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When Wealth Breeds Rage: Inequalities Set the Stage for a Pan-Africa Arab Spring | The ... - 0 views

  • The idea of revolution has arrived, among the minority of youths with access to social media but also among the masses via the poor man’s Facebook: FM radio. And their geriatric presidents and prime ministers are nervous.
gabrielle verdier Africa: Arab Revolution Lesson to Africa - 0 views

  • So far pundits and even lay commentators have rushed to sound warnings to Sub-Sahara African governments of the possibility of an Arab revolution-like events happening within their borders
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Arab Spring hardening into summer of stalemates - 0 views

  • The Arab Spring revolutions may have their moments of self-doubt or seem stalled at times, but they are authentic expressions for change and, to use an overused phrase, on the right side of history
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Egypte : manifestations meurtrières contre Moubarak - Le Blog Finance - 0 views

    au pouvoir depuis bientôt plus de trente ans ... en toute négation de la démocratie.
Ed Webb

Watching Egypt (but not on Al Jazeera) | Marc Lynch - 0 views

  • One key factor was missing, though, at least early on. Al Jazeera has played a vital, instrumental role in framing this popular narrative by its intense, innovative coverage of Tunisia and its explicit broadening of that experience to the region. Its coverage today has been frankly baffling, though. During the key period when the protests were picking up steam, Al Jazeera aired a documentary cultural program on a very nice seeming Egyptian novelist and musical groups, and then to sports. Now (10:30am EST) it is finally covering the protests in depth, but its early lack of coverage may hurt its credibility. I can't remember another case of Al Jazeera simply punting on a major story in a political space which it has owned.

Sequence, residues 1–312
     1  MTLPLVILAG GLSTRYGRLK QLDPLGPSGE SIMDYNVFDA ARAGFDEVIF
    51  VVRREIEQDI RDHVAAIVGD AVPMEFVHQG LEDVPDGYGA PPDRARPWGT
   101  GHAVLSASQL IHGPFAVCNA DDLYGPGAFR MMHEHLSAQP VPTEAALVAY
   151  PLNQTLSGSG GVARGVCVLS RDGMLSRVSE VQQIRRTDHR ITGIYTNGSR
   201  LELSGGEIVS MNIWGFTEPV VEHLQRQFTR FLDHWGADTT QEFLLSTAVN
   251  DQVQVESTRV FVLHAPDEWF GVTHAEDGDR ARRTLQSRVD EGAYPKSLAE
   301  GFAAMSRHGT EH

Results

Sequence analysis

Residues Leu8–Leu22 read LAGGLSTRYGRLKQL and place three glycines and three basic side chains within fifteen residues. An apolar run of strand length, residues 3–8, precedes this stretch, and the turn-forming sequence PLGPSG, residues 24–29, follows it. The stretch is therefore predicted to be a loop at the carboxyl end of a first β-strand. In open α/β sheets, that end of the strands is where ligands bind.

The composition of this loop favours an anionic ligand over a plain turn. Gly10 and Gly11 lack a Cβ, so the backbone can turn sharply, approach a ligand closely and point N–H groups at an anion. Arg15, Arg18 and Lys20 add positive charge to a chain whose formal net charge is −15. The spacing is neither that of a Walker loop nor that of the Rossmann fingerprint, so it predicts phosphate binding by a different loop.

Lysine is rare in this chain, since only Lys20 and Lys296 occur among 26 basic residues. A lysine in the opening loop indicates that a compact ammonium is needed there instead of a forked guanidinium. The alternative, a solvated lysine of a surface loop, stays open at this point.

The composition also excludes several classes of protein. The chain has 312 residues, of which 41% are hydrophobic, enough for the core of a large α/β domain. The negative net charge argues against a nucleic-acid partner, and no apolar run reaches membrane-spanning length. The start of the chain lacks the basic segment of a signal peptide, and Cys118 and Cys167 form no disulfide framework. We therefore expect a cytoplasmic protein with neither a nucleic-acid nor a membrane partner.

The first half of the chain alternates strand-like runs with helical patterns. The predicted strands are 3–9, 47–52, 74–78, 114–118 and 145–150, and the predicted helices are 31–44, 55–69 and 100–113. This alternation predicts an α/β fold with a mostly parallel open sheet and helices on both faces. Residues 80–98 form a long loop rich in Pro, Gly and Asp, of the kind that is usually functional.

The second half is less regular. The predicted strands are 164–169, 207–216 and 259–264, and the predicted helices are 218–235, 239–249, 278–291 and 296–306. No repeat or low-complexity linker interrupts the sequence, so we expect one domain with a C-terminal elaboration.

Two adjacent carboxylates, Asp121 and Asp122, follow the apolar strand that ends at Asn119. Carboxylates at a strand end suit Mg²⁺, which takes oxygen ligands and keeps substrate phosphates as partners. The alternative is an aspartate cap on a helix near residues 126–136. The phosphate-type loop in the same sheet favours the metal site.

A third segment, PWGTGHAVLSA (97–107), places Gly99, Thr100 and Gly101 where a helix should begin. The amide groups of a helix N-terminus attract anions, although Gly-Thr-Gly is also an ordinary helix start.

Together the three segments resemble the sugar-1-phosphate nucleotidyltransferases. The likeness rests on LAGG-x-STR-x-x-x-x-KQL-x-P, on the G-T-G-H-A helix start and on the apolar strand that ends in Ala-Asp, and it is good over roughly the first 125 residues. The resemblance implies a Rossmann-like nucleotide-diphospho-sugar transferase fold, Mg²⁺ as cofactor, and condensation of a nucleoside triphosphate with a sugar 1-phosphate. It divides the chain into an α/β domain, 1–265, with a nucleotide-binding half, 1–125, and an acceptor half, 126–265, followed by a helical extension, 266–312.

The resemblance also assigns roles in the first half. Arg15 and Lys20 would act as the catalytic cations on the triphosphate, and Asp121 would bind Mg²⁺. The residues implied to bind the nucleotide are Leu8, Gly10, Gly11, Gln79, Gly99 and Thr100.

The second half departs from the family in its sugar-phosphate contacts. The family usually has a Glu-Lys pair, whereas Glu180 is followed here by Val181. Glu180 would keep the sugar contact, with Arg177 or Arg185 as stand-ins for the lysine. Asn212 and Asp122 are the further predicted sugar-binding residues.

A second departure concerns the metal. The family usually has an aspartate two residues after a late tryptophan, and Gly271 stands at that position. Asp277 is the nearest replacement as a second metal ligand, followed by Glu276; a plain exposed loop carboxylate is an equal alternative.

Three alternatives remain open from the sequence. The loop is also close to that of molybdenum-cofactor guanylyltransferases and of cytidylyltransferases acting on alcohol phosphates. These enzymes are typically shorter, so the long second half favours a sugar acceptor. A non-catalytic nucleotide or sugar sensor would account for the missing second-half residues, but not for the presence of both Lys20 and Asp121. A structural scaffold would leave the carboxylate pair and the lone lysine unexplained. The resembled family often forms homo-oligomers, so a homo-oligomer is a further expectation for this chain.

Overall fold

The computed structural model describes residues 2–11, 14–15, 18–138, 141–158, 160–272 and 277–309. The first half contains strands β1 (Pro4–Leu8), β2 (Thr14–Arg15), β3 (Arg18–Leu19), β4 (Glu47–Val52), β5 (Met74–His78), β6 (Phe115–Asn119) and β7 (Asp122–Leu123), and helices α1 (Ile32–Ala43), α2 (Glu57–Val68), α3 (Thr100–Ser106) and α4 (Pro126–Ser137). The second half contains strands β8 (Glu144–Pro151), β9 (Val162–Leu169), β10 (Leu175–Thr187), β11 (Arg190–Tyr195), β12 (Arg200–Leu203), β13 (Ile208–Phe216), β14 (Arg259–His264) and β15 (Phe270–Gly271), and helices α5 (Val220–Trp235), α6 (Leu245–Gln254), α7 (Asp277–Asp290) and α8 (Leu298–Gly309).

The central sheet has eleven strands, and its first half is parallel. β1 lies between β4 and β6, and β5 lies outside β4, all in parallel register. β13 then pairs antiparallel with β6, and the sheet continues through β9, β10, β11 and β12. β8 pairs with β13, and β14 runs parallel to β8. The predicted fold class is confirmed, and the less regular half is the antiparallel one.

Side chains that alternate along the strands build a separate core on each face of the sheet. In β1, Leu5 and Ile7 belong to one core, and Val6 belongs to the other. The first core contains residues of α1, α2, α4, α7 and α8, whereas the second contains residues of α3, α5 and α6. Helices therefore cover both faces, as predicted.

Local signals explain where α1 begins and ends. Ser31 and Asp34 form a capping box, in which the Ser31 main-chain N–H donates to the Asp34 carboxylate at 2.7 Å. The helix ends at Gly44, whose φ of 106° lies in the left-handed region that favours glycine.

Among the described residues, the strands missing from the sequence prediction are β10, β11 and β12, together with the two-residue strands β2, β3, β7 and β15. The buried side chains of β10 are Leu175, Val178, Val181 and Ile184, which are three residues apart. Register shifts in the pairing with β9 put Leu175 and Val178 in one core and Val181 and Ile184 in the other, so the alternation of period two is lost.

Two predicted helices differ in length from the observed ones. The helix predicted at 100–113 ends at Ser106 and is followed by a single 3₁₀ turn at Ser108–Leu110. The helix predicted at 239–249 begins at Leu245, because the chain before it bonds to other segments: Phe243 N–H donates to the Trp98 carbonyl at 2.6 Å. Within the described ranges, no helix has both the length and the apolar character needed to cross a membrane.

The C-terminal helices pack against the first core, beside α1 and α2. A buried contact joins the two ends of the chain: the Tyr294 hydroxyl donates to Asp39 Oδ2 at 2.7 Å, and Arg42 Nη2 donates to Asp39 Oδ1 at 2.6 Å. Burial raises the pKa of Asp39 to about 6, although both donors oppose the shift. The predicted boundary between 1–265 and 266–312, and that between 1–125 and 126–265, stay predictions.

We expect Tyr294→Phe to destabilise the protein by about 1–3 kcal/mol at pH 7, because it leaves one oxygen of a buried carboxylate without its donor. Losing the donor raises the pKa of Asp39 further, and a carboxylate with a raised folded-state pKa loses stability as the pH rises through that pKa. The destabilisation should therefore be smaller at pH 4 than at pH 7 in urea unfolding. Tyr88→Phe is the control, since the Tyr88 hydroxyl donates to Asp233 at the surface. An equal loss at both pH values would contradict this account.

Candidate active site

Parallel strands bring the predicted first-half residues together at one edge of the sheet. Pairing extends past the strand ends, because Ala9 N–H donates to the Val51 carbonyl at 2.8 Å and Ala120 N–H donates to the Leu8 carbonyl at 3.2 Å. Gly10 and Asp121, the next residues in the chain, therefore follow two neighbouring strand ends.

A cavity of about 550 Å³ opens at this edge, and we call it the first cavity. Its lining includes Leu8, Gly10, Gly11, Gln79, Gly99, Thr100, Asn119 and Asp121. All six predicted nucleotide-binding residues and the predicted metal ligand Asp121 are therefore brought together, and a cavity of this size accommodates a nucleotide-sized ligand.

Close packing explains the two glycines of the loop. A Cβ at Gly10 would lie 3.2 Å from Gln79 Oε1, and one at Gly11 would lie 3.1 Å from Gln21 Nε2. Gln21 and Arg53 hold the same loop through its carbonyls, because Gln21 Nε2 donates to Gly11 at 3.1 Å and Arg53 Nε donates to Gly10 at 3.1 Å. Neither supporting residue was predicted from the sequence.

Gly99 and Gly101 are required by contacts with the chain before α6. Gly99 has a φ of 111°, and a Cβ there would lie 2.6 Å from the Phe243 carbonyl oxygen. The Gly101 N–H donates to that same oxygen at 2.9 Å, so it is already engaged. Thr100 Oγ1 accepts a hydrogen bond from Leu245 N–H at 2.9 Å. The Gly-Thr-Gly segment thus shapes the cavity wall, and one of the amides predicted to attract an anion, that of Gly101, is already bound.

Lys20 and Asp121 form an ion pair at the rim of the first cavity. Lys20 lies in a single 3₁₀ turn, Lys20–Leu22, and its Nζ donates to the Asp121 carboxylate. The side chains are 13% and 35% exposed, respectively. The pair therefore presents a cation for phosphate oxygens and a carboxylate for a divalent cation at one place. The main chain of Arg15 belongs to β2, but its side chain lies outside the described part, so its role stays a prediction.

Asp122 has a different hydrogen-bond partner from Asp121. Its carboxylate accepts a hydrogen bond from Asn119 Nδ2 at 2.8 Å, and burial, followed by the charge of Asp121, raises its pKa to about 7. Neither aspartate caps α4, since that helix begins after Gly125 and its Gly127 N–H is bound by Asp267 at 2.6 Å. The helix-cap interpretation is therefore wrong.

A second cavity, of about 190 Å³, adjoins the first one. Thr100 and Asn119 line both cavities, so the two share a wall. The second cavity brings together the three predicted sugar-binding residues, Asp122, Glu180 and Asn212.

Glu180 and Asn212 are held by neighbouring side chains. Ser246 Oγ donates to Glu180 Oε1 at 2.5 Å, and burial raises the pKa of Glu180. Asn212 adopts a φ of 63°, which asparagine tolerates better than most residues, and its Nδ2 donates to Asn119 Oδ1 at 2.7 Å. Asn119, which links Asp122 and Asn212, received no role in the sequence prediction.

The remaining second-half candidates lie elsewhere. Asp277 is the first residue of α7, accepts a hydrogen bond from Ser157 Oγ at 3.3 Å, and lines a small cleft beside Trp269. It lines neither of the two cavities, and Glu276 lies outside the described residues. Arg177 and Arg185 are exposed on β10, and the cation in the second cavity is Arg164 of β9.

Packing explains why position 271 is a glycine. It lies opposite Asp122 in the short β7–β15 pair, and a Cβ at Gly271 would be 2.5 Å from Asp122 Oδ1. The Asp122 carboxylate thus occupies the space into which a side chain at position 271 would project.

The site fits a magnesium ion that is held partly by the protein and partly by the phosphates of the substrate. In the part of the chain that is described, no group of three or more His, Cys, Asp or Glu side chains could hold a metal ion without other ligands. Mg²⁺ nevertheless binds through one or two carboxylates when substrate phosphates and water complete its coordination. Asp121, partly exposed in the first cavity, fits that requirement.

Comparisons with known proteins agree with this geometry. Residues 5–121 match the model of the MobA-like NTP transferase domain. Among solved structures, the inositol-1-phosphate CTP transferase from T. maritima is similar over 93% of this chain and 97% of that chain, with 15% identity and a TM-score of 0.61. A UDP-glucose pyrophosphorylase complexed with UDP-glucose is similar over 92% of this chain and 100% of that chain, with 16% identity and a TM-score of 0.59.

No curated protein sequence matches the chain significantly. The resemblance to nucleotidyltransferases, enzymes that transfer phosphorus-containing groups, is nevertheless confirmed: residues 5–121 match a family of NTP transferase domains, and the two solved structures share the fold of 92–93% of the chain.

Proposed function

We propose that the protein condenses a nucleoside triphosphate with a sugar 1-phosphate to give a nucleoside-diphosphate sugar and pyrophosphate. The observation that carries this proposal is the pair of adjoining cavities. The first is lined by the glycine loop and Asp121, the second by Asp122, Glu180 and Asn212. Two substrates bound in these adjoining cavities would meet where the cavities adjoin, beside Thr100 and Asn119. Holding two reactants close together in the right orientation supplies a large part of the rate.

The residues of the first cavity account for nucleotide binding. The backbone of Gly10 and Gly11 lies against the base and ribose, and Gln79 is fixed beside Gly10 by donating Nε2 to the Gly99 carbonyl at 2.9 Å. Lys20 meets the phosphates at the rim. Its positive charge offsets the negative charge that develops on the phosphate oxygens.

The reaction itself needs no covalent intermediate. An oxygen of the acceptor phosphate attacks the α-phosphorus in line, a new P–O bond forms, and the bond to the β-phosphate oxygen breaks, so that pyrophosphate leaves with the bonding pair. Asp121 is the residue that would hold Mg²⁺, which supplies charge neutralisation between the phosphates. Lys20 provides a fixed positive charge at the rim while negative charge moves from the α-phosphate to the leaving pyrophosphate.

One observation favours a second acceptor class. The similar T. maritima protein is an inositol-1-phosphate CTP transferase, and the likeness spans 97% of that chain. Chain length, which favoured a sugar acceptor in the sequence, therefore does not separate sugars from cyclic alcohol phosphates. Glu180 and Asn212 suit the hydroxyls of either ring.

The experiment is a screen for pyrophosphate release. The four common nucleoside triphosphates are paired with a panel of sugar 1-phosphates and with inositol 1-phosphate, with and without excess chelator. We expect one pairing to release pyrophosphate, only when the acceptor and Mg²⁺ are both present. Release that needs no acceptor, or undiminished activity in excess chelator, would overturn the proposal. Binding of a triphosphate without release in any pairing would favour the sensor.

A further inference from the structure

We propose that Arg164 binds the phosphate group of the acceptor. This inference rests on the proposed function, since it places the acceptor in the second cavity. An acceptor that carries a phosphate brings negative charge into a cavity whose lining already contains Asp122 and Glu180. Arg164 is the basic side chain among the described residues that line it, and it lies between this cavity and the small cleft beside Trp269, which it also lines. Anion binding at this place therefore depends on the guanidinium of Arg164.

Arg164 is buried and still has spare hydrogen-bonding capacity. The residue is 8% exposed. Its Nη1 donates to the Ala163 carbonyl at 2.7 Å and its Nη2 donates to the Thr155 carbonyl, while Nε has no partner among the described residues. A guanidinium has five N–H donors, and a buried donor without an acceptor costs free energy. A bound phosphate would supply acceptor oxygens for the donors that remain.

• More broadly, it's astonishing how much is now in motion in Arab politics after such a long period of seeming stagnation. There's a vivid sense of an era coming to a close and an uncertain new vista opening. Even if Al Jazeera's release of the so-called "Palestine Papers" doesn't bring down Abu Mazen's negotiating team or the PA it feels like the autopsy of a long-dead peace process. Hezbollah's Parliamentary maneuver to bring down the Hariri government and replace him with veteran politician and businessman Najib Miqati, a response to the Special Tribunal's reported indictments which has sparked violent protests by Hariri backers, may mean an end to the era of U.S. alliance with a March 14-led Lebanon. It's hard to know where to focus --- but in fact I continue to see these seemingly unrelated events as part of a broader story of the crumbling of an Arab status quo which has long seemed unsustainable.
  • 3pm:  Al-Jazeera's lack of coverage of the protests has become a major story.   It doesn't seem to have gotten any better since this morning --- since getting back on line I've seen an episode of a talk show, more Palestine Papers, and only short snippets of breaking news on Egypt.  Al-Arabiya apparently hasn't done any better.  My Twitter feed and email are full of comments like "AJ Arabic is covering childrens gymnastics programs in Indonesia right now. Good call." (@mwhanna1) and "Exposed. Al Jazeera and Al Arabiya's failure in covering #Jan25" (@SultanAlQassemi).   Egyptian activists are complaining bitterly, and most seem to think that Mubarak cut a deal with the Qatari and Saudi governments. 
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